Saturday, October 9, 2010

यज्ञ, मंत्र and the ozone layer? Some back of the envelope thoughts


(Statutory warning: Arbitrary browsing could be time wasting (but fun as well :-) )

Today I got hints from some "lazy-time" wikipedia browsing that Yajna/Mantr could help replenish the ozone layer, and started thinking if there is indeed any scientific basis to that. If there was some such reaction happening in those burnings of samidha that might produce (or) stabilize ozone (or) de-stabilize the de-ozonizers such as methane, then effectively, ozone could be forming/being sustained.

Although the article seemed like a stub (Wikipedia's words!), it said that the use of ghee or घृत in Yajna helps to build and sustain the ozone layer.

With some Google Scholar, I soon got intrigued by this puzzle and got a peek down the rabbit hole !

Here are the fragments of the puzzle I found :

1. Yajnas from the Elden Days in India were performed by offering samidha(holy offerings to please Agni) to the holy fire (Agni) and Mantras were sung/ chanted at the same time. Ghee was used as an ingredient of samidha. Bovine fats, such as Ghee, is a milk product, and to my limit of knowledge about organic molecules(!), contains a lot of lipids.

2. Research exists on the effect of breathing ozone as inducing formation of "lipid hydro-peroxides" (read : = lipids + -OH bonds and the peroxide O-O bond) in the lungs of lab rats. This has been researched in the medical field in view of cancer research, as the peroxides are always carcinogenic : the extra oxygen they can give off (the O radical) can catalyze breaking of some vital bio-molecules.

3. What about the मंत्र part? Putting the chanting words aside for a little bit, an intriguing fact about Vedic Mantras is that they are sung in three specific notes (if I am not wrong, the Ni, Sa, and Re).

4. Research exists on the effect of sound waves / pressure fields on the kinetics and selectivity of some biomolecular reactions in water phase. Examples are cell wall damage, lipid oxidation (read sonochemistry here). The sound waves studied in all these papers are of ultrasonic limit (frequencies > 20 kHz, not audible). Ultrasonic pressure waves can catalyze or increase selectivity to certain lipid-oxidation products.

5. An important point here, is that the sound waves sung by the rishis would never go ultrasonic: off the cuff, Sa is 440 Hz freq, (and 78 cm wavelength) and 20 kHz being the auditive limit. Bats scream ultrasonic, we can not! This means the musical notes of Mantras would be much less in energy than the ultrasonics : Ok, so maybe they wont break cell walls : but maybe they are able to catalyze some reactions: worth exploring ..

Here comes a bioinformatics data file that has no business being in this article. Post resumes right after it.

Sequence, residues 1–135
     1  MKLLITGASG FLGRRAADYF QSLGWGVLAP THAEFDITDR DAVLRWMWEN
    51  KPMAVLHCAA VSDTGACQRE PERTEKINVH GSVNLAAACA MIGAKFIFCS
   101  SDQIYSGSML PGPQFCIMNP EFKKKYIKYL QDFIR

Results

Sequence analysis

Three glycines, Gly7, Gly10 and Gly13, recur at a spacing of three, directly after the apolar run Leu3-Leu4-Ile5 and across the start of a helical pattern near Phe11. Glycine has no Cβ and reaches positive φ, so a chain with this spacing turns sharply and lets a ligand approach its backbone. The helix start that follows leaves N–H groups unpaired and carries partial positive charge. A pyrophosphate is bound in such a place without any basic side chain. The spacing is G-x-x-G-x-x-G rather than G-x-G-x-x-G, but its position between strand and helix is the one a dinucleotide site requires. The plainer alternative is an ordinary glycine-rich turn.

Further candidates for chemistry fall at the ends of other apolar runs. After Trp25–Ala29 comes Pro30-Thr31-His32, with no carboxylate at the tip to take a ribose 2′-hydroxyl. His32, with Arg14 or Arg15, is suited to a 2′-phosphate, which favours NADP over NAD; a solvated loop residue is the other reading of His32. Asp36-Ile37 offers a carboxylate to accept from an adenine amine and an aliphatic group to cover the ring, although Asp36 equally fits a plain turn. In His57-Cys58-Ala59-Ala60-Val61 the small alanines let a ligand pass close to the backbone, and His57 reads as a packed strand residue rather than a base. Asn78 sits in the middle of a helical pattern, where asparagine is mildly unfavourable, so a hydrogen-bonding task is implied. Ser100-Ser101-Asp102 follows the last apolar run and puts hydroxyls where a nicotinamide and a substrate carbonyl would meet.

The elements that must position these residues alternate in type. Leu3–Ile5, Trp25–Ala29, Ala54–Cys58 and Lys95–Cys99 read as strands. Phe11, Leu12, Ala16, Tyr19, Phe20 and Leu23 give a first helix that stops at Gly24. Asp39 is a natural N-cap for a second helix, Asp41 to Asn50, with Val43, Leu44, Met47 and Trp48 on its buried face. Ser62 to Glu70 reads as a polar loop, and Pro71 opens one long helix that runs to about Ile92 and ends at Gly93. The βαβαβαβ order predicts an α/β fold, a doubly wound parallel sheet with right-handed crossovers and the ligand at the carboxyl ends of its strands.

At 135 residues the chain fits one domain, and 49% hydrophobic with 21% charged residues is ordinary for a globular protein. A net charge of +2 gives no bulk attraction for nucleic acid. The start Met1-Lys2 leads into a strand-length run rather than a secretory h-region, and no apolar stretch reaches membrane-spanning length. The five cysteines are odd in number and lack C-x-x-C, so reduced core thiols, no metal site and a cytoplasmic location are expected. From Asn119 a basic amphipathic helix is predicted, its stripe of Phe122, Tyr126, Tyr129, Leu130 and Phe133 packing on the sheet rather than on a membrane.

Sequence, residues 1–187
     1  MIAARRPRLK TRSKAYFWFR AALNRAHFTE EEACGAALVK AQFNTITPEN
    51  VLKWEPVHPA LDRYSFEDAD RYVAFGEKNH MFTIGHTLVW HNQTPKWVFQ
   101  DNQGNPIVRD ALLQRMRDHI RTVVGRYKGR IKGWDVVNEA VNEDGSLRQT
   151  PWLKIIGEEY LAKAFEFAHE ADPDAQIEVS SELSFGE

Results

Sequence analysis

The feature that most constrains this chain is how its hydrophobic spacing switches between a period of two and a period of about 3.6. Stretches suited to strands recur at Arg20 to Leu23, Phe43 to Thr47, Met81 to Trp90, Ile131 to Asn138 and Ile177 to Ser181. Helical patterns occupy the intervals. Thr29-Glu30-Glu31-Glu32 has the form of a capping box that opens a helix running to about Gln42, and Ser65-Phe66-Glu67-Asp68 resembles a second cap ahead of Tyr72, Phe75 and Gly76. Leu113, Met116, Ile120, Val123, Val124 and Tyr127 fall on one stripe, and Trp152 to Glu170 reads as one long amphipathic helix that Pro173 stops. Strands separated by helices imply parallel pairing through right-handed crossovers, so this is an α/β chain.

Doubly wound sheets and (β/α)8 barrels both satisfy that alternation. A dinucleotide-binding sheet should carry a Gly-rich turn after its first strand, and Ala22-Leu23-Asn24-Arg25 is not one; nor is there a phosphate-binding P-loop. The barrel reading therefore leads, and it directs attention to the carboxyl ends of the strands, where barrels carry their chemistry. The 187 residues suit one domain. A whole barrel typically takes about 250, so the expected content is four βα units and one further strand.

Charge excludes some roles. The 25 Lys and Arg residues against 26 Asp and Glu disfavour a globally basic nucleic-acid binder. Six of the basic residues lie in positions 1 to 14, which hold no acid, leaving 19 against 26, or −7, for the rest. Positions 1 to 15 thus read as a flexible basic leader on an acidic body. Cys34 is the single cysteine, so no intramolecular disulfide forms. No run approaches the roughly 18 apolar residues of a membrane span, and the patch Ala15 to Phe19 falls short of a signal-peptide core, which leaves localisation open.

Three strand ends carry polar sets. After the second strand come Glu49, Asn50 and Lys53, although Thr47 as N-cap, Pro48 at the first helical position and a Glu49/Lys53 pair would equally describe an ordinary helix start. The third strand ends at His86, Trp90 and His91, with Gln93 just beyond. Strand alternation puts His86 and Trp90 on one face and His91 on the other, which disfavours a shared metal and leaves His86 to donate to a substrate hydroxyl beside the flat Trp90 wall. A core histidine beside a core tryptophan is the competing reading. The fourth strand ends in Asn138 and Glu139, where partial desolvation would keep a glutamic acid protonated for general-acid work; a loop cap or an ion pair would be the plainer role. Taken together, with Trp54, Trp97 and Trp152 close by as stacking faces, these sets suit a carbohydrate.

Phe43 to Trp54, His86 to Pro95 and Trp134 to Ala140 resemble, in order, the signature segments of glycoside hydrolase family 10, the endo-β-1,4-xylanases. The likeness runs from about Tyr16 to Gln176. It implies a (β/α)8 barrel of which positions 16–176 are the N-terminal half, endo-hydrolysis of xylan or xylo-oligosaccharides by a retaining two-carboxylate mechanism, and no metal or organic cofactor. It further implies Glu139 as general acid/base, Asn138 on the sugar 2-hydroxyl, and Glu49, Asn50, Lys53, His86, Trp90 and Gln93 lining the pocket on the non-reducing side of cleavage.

6. So coming back to the lipids getting oxidized, a search for "ultrasonic lipid oxidation" directs to some interesting research papers in the medical field, where they are interested again in the carcinogenic effects of formation of lipid hydro-peroxides!

Now putting the two together, formation of peroxides of lipids is possible and already seen in the presence of ozone AND/OR sound waves (--where the published research is only on ultrasonics, not on acoustic range of waves.. but oh well..)

An argument then, based on the reversibility of such an oxidation reaction, would be as follows:
If after burning these peroxides rise and reach certain heights (where ozone is naturally a stable compound) to react with oxygen molecules and dissociate, ozone could form. Although a hand-wavy argument, to me this seemed far better than just doing the Yajna for the sake of it!

A complete (though rudimentary) argument would be as follows:

"A sono-catalyzed reaction (due to Mantras chanted in specific acoustic frequencies) of oxidation of bovine lipids (such as in ghee) selectively shifts towards formation of lipid-hydro-peroxides. These LHPs rise up in the air at ambient conditions and an (oxygen + peroxide) - to - (ozone + lipid) dissociation reaction takes off. An equilibrium could be reached where the peroxides get rid of extra oxygens to form stable ozone at the high altitudes. This, even if very minutely, could increase ozone layer."

Worth giving it a shot, don't you think, @biochemists? :-)

hows that!